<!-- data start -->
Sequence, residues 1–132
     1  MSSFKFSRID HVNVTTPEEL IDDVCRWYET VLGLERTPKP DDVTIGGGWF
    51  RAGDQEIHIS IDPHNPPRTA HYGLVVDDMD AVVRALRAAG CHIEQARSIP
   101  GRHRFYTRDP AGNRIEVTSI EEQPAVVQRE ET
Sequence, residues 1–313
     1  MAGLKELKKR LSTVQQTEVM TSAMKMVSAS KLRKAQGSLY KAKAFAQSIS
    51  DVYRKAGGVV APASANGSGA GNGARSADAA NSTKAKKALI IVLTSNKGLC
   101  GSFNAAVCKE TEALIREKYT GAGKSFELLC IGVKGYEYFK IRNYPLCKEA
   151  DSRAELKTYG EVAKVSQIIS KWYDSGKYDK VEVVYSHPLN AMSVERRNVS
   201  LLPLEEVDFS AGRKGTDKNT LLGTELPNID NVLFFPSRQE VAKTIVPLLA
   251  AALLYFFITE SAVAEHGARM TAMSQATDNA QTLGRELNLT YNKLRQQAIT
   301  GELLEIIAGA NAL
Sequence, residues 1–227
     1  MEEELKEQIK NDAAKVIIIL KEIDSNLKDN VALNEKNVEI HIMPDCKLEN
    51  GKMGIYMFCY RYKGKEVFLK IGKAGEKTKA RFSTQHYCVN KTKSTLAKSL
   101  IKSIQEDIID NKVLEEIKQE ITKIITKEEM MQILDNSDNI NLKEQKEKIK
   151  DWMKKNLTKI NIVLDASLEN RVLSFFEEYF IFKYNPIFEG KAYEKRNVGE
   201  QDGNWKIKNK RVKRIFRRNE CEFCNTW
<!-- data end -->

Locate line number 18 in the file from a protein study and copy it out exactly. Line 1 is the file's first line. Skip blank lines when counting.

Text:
   201  QDGNWKIKNK RVKRIFRRNE CEFCNTW